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Working as an OT in the UK: Top Five Things to Gain Professionally

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I have recently returned to Australia after 5 years of living and working as an OT in London. I clearly remember my reasons for moving to the UK; to travel to Europe. What I didn’t expect was how much I would also develop professionally. Here are the top 5 things I gained professionally from working as an OT in the UK.


1. Respect – Australia OTs are well-respected in the UK!

As OTs, we all know too well what it’s like to be undervalued. Too often confused with Occupational Health, referred to as ‘nurse’ or ‘physio’, and used as equipment dispensing machines. I was surprised at how well respected I felt by health professionals in the UK. I remember being told by a doctor, ‘OTs are the most valuable professionals in the hospital’. It was a nice change from constantly advocating for our role and self-referring which I found was often the case in Australia.

It was also commonly recognised that Australian OTs are of high caliber. I think this is credit to the quality of training we receive in Australia, as well as the 4th undergraduate year we complete (UK undergraduate course is only 3 years).  I also believe the Australian work ethic and proactive attitude contribute to why we are so highly regarded in the UK. Overall, I found it professionally fullfulling to be recognised!



2. Leadership and Career Progression

The demand for OTs in the UK leads to my second benefit; opportunities for leadership and career progression. I moved to London with 2.5 years of OT experience, and my first role was in a London Hospital as a Band 6. To briefly explain, Band 5’s are new graduates, Band 6’s have 2-5 years experience, and 7’s tend to have 5+ years experience. After one year as a Band 6 (and a total of 4 years experience) I successfully obtained a Band 7 ‘Highly Specialist’ role. This is a senior-level role that involves running team meetings, managing rosters and in-services, and hiring staff. There is a lot of potential to progress your career as an OT in the UK and I would not have had the opportunity to have this level of leadership and responsibility if I had remained in Australia.



3. Multidisciplinary Working

The allied health departments I worked in had quite a different structure compared to Australia. Rather than separating into discipline-specific offices, we were grouped by clinical specialty ie. neuro or ortho. This would mean the allied health MDT would all share an office space, and be managed under the same clinical lead. I found this structure a time-efficient way to provide holistic care. Rather than sending an electronic referral to another discipline you could have a chat in the office. It also prevented the struggle of trying to arrange a joint session with conflicting schedules and meetings. This structure also meant I would line manage junior staff of a different discipline. This involved supporting their supervisor (of the same discipline) to develop their professional goals and complete annual appraisals. I felt this was a valuable way to understand and appreciate other disciplines’ clinical expertise as well as their development opportunities and pathways. Working within this structure allowed me to take a much more holistic view of healthcare.


4. Multicultural Working

The UK is incredibly culturally diverse and the NHS workforce reflects this. A lot of my colleagues were not from the UK, and I would commonly work alongside people from Europe, the Caribbean, and Africa. It was a great experience to work in such a diverse workforce, and it was an invaluable way to learn about different cultures and communities. It was also a novelty to be an Australian working in an international health service. Despite frequently having to explain why I left sunny Australia for the rainy and cold UK, it was so rewarding to exchange my own experience and culture with colleagues and patients. Not to mention, the shared lunches of homemade Jamaican fried chicken, Polish pierogi, Israeli sabich etc. Culinary delights aside, working as an OT in the UK boosted my confidence in providing culturally sensitive care, and my ability to promote an inclusive healthcare environment.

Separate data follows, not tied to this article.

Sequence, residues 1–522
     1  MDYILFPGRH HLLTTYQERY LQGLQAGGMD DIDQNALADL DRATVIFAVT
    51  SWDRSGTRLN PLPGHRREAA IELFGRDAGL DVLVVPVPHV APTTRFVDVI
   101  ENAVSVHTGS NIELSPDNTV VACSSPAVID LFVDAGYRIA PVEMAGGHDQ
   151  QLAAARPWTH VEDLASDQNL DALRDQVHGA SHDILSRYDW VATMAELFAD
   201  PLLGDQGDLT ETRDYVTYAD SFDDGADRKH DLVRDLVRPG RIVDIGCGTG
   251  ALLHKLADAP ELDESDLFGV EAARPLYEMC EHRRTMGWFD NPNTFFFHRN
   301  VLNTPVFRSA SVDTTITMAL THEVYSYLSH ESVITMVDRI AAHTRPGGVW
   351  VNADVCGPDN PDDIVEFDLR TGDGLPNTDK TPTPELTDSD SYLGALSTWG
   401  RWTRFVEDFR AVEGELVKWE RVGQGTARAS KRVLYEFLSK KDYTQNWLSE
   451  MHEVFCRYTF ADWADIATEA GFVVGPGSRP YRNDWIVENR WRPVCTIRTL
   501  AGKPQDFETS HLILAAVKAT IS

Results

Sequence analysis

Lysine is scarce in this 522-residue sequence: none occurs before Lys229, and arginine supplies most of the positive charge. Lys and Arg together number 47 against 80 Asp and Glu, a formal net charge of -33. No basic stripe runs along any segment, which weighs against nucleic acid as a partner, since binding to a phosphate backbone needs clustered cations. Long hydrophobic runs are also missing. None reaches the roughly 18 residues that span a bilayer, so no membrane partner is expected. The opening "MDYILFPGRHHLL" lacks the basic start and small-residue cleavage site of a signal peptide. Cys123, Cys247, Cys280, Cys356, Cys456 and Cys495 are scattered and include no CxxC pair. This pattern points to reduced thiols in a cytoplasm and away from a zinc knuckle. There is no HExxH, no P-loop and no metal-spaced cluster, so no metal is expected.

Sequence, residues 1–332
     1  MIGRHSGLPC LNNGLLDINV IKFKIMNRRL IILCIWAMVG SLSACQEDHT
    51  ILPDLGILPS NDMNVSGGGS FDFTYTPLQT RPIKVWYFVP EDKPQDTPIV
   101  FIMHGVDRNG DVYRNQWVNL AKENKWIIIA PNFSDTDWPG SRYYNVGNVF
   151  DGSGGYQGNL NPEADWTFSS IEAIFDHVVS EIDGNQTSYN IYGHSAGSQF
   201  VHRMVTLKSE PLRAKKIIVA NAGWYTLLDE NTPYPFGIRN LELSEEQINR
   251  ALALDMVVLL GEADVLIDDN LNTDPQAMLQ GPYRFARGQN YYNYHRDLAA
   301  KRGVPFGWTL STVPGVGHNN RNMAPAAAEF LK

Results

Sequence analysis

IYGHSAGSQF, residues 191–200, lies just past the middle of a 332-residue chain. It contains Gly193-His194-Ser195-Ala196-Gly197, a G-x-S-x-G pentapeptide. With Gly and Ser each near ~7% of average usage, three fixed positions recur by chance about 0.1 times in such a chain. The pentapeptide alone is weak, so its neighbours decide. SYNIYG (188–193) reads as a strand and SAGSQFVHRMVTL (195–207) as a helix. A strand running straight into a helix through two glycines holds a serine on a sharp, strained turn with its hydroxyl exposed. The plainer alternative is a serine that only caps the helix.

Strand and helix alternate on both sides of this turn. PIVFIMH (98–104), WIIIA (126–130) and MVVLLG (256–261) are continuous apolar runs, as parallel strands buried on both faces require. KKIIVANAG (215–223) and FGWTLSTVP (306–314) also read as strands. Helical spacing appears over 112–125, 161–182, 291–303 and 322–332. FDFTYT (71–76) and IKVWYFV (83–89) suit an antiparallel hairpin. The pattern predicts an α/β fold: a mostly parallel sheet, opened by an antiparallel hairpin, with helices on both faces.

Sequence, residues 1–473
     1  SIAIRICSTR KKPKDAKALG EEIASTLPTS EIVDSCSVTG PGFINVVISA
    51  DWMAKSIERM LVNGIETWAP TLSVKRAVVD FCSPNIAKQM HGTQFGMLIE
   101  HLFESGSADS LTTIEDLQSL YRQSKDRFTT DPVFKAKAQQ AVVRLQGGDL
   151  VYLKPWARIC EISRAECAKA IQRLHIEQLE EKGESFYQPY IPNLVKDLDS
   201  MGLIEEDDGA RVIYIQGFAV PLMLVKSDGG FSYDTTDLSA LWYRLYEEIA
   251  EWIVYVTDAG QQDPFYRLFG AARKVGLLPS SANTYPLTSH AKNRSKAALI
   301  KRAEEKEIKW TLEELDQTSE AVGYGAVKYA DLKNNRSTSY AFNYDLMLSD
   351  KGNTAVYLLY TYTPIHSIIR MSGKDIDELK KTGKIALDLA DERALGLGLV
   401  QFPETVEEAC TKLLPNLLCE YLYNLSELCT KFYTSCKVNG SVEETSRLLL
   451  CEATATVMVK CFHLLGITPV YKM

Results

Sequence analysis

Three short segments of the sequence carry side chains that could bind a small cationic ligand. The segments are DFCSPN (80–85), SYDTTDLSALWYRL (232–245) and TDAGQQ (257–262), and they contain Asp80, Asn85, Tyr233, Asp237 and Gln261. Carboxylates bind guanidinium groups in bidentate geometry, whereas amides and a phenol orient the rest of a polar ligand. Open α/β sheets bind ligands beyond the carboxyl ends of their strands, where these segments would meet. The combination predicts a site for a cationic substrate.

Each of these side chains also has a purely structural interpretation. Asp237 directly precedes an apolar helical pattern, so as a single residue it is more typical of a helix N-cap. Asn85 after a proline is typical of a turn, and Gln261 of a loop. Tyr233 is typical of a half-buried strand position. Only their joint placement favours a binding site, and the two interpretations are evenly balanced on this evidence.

5. Friends for Life!

This leads to my final benefit, which is as much personal as it is professional. The people I worked with as an OT in the UK have become lifelong friends. They are from all across the world; Ireland, Wales, South Africa, the Caribbean, West Africa, New Zealand, Argentina, Poland… to name a few! The people who work for the NHS are truly some of the friendliest and most caring people I have ever met. The NHS can be tough and some days really challenging, but some of my fondest memories from my time in London will be from work. There is a real sense of teamwork and comradery. Working for the NHS has made me appreciate how important a positive and supportive workplace environment is, and this is something I have prioritised on my return to Australia.

I returned to Australia as a much more confident and experienced clinician, with an amazing network of lifelong friends. I am such an advocate for taking a working holiday to the UK, I turned it into a full-time job! After working clinically for 8 years, I have put away my measuring tape and I am now working as an allied health recruiter for MediRecruit. I now help people achieve their career goals. Whether that is to embark on a UK adventure, look for a graduate role, or seek a clinical change!


Remember, MediRecruit assists with all the necessary preparations and we’ll secure you great locum roles across the UK. And the best part is… our service is free! If you’re considering a working holiday, contact Clare Jones for a chat – clare@medirecruit.com or 0402 367 899.

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